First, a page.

Drivers of Innovation, Part III: The Right Systems
Innovation starts with the right mindset and is amplified by the right culture, as we discussed in our earlier posts. In this post, we’ll take a look at the third and final driver of innovation: the systems that tie everything together.
To quickly review, the right mindset refers to the vision, mission, or fundamental sense of purpose that motivates and guides the organization. The company founders and executives we interviewed as part of our report on innovation started their business based on this mindset, and it drives everything the organization does.
The right culture refers to the explicit and implicit norms, attitudes, and behaviors governing employee interactions and how work is accomplished. For innovative companies, the right culture starts with hiring people committed to innovation and eager to contribute new ideas. The culture flourishes when such contributions lead to collaboration and continuous improvement at every level of the organization.
To support this culture of collaboration, a company needs the right systems. And when the company creates complex products that can only be delivered through a network of partners, suppliers, and manufacturers, then the need becomes critical.
Communication, Collaboration, and the ‘Single Source of Truth’
One of the biggest challenges companies confront as they and their network of partners grow is making sure that everyone is on the same page. To create a complex product, there needs to be a shared clarity with regard to what is being created. If and when plans change, those changes need to be shared immediately. There also needs to be consistent, immediate communication up and down the supply chain. This communication is essential for collaboration, when designing for manufacturability, for example, as well as to identify potential supply chain disruptions.
In order to facilitate this communication, companies need a single source of truth, that is, a consistent system of record to which all stakeholders have access. This system serves simultaneously as a single system for critical product design information like bills of material (BOMs) comprised of electrical, software, and mechanical components and provides a digital channel for real-time collaboration. Finally, the system also needs to serve as a tracking and reporting system providing leaders and others insight into the status of projects in play.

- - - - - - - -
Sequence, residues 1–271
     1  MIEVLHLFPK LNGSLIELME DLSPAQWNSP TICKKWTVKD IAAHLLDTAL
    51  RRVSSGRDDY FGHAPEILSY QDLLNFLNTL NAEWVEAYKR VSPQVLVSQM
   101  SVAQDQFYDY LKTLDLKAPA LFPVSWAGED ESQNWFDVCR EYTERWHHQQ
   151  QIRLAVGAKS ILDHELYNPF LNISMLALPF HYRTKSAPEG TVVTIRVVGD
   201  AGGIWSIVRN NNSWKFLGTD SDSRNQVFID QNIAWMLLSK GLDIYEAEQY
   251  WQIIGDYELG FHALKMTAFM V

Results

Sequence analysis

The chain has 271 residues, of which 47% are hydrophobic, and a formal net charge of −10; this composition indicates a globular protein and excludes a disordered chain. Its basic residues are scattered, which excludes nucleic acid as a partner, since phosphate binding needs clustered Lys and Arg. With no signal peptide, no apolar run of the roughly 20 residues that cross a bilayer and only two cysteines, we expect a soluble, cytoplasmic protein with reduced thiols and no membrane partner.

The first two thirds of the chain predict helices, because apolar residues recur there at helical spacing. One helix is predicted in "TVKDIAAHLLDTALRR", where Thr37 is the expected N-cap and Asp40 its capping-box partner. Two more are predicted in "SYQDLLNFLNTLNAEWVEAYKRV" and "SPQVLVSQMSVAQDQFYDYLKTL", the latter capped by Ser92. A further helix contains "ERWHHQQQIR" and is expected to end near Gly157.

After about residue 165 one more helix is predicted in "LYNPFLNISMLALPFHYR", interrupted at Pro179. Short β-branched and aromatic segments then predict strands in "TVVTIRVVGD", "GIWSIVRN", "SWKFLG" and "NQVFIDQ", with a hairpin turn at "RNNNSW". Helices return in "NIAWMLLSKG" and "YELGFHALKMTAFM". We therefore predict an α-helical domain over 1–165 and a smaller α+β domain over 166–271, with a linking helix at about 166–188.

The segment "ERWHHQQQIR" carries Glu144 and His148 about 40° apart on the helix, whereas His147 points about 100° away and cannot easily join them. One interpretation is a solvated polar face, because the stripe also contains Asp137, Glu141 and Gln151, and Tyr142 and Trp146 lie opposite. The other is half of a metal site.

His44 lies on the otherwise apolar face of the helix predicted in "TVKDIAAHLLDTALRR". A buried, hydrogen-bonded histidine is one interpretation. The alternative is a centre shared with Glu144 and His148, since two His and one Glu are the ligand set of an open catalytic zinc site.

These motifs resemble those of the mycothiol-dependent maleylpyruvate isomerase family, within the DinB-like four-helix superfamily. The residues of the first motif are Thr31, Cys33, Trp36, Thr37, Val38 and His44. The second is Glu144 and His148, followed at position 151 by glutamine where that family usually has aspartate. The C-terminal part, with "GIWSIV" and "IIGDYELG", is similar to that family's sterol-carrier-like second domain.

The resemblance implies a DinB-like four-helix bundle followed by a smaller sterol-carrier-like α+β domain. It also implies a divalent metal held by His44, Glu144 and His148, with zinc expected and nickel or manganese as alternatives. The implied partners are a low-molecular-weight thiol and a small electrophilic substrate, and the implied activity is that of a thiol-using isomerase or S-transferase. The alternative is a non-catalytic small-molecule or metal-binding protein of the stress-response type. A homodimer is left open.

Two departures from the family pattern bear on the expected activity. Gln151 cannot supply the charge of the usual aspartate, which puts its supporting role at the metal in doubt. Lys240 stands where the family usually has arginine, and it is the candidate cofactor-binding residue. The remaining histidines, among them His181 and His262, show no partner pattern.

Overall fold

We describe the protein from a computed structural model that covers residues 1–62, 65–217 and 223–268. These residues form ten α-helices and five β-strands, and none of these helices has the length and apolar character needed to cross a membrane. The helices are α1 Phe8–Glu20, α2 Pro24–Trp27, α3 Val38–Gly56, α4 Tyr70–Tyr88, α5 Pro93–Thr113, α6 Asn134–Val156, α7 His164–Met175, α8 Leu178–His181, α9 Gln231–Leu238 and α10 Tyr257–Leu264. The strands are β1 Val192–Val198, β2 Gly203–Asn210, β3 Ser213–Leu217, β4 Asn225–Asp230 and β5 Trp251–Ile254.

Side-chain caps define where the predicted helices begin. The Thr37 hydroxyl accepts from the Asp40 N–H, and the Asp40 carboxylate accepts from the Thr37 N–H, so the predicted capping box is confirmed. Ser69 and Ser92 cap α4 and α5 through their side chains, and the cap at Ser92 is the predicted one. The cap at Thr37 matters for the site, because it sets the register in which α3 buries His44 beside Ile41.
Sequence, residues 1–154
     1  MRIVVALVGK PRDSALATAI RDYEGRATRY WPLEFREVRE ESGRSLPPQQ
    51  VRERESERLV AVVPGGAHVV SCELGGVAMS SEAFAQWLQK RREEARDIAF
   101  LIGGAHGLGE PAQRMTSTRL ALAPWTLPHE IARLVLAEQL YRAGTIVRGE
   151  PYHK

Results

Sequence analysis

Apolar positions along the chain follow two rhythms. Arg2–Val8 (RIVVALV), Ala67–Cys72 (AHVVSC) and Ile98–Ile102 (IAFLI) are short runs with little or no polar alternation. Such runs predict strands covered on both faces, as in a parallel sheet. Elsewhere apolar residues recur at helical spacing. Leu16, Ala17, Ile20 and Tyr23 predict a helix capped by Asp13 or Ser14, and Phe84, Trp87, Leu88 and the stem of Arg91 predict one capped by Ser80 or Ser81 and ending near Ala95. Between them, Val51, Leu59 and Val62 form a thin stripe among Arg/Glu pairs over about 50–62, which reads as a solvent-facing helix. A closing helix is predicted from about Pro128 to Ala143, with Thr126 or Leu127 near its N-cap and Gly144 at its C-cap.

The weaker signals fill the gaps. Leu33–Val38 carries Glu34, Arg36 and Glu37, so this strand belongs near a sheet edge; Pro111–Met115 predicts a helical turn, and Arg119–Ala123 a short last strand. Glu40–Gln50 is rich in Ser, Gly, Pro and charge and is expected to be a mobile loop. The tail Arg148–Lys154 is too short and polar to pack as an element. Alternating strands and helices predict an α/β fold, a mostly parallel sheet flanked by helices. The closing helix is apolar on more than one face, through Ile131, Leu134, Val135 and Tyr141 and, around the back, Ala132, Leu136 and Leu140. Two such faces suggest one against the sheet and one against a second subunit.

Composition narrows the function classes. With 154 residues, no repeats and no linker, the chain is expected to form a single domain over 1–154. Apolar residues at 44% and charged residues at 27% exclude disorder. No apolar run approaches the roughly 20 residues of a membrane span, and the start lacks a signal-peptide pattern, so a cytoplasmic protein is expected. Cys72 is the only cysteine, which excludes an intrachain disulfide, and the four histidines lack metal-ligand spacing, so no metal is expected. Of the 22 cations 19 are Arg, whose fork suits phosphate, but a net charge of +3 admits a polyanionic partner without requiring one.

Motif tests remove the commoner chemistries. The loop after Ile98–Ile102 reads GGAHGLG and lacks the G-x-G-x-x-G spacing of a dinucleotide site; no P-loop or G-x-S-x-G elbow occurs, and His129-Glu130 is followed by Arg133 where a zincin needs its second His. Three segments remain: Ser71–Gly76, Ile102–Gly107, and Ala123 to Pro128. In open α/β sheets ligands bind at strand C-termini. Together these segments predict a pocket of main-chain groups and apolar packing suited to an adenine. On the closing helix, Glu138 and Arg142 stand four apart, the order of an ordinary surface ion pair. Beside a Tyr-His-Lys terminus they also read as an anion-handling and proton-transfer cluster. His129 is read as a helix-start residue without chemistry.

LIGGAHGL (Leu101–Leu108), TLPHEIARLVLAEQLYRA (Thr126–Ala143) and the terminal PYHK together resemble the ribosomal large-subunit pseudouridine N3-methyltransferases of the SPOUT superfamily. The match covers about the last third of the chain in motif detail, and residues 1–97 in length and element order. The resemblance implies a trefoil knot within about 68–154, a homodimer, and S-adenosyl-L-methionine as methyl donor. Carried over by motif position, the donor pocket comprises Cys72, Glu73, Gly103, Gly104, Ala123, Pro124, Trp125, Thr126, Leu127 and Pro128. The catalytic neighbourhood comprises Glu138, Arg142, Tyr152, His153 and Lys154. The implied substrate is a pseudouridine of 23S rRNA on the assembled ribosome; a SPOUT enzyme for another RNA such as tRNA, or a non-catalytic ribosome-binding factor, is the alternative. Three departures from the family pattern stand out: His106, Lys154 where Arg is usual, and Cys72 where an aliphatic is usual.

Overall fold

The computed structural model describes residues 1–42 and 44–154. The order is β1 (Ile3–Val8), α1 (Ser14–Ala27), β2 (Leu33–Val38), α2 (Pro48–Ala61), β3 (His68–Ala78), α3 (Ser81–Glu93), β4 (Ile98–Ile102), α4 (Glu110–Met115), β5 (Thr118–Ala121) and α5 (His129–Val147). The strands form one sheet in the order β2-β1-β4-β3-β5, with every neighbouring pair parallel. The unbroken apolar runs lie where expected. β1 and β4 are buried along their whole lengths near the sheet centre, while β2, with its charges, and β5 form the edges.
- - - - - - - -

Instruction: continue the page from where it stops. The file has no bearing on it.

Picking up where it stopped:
To illustrate the power and necessity of such a system, consider the work of one of our customers, Lumicell. Lumicell has developed a handheld imaging system that allows surgeons to literally see, in real time, if they have left any cancerous cells behind when removing a tumor. This system relies both on a sophisticated, AI-powered viewer and an injectable contrast dye that fluoresces when it reacts with the tumor cell microenvironment.
To manufacture this complex device, Lumicell relies on a number of partners. While the company does take care of testing and some product assembly, external supply chain partners fabricate the parts and create the contrast dye. “We have several dozen vendors providing different pieces of work for us,” says Ben Locwin, Senior Vice President of Quality. “Keeping that straight is difficult. Having a quality management system (QMS) in place—so that we don’t lose sight of actual, objective reality and replace it with things that we only hope to be true—is critical.”
When you are in a highly regulated industry, knowing “objective reality” isn’t a nice-to-have: It can quite literally be a matter of life and death. Product lifecycle management (PLM) and QMS systems provide that objective reality — that “single source of truth” — by connecting the organization’s internal teams to the broader, symbiotic network of suppliers and coordinating everyone’s actions. To that end, these types of systems can keep everyone on track and provide early warning if issues should arise.
A Deeper Look at What Enables Innovation
These three elements—the right mindset, the right culture, and the right systems—are all critical drivers of innovation. To learn more, we invite you to take a look at our recent report, The New Product Innovation Paradigm: Evolving Products to Platforms in a Changing World.
In the meantime, consider these questions about your existing systems:
- How effective is your organization in collaborating with suppliers and manufacturing partners?
- Are you confident in your company’s ability to identify and address supply chain disruptions, manufacturing concerns, and quality issues in a timely manner?
- Do the systems you use for sharing information with those inside and outside your organization serve as a “single source of truth,” or are they just part of the picture?